Objective: Recent data suggest that obesity and related metabolic aberrations are associated with osteoarthritis (OA) development, a phenomenon that is attributed at least in part to the consumption of lipid-rich diets. To date, the molecular mechanisms that govern the lipid-OA connection remain largely unknown. Given the important role of high-density lipoprotein (HDL) in plasma and tissue lipid metabolism, the main purpose of the present study was to investigate the role of HDL metabolism in the pathobiology of OA.
Methods: We used apolipoprotein A-I (apoA-I)(-/-) mice that lack classical apoA-I containing HDL, LCAT(-/-) mice that have only immature HDL and relatively reduced HDL-cholesterol levels and control C57BL/6 mice. Mice were placed on chow or western-type (WTD) and monitored for 24 weeks. Knee joints were removed and articular cartilage was isolated for further analyses.
Results: The LCAT(-/-) mice were significantly more sensitive to the development of diet-induced obesity compared to the C57BL/6 and apoA-I(-/-) mice. Morphological, biochemical and molecular analyses revealed that the LCAT(-/-) obese mice developed OA, while the C57BL/6 mice that were fed WTD did not. Notably, apoA-I(-/-) mice that received WTD also developed OA although their body-weight gain was similar to their wild-type counterparts. Interestingly, bone marrow from LCAT(-/-) and apoA-I(-/-) mice contained significantly increased number of adipocytes, compared to the other groups.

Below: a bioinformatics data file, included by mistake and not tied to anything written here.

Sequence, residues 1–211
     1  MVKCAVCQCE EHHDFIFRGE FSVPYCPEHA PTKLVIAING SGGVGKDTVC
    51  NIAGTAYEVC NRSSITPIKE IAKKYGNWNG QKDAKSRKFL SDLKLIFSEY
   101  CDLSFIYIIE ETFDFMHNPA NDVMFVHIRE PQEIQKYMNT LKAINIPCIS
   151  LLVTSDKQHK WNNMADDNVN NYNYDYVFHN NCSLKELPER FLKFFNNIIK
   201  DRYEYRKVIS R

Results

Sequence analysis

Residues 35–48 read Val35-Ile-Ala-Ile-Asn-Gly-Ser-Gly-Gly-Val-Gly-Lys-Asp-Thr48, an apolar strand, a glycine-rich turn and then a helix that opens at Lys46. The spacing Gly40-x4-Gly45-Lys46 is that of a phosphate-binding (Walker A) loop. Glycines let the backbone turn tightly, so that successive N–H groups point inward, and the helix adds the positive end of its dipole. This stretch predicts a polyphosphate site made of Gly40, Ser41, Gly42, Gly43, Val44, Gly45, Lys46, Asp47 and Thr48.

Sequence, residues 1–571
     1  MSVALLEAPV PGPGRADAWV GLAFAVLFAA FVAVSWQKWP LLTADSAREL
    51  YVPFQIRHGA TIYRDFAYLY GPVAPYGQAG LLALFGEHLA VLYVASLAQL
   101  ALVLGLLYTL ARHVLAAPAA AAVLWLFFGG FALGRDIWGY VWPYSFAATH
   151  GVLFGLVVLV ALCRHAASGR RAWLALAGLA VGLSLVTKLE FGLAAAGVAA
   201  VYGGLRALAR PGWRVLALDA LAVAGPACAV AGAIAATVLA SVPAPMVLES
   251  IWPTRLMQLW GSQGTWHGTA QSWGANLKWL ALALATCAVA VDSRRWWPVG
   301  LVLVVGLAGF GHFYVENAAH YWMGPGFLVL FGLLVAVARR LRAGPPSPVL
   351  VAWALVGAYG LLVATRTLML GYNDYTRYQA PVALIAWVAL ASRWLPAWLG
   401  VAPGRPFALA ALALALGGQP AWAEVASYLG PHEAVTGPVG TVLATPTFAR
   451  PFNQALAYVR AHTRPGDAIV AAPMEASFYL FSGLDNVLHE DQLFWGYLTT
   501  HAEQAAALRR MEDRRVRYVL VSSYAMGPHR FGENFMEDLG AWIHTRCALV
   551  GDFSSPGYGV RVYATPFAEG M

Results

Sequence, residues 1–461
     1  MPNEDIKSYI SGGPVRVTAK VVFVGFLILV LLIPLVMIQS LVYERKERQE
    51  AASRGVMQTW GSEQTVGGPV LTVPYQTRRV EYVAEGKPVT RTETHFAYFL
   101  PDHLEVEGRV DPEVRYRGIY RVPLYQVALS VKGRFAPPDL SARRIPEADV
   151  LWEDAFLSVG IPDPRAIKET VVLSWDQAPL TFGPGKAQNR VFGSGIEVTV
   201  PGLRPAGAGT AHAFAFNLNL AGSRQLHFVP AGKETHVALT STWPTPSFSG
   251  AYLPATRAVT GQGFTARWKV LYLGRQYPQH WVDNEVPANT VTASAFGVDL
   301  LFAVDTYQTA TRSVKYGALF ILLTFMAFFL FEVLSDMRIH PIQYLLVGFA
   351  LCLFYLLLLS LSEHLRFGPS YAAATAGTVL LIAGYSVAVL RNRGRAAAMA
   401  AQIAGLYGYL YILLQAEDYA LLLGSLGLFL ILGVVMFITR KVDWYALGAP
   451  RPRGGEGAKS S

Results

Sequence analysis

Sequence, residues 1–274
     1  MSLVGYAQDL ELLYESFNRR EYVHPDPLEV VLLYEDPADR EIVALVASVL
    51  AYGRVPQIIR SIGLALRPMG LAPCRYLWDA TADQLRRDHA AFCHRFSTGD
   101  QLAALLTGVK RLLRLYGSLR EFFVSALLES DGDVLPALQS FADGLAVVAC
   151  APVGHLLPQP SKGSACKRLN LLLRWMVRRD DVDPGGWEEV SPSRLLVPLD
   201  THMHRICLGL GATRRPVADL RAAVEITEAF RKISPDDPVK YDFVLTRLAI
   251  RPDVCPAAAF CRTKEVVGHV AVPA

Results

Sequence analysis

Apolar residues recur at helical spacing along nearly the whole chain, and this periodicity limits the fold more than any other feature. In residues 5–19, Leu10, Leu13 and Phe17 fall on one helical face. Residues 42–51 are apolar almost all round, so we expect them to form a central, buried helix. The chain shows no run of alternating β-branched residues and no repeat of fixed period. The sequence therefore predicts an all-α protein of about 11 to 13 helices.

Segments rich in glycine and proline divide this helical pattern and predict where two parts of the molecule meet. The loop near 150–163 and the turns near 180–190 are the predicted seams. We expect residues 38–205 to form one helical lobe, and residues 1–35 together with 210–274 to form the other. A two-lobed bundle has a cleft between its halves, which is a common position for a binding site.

Conclusions: Our findings suggest that perturbations in HDL metabolism predispose to OA following chronic insult with WTD and raise the challenging possibility that HDL has a causative relation to OA in patients with metabolic syndrome.
Copyright © 2012 Osteoarthritis Research Society International. Published by Elsevier Ltd. All rights reserved.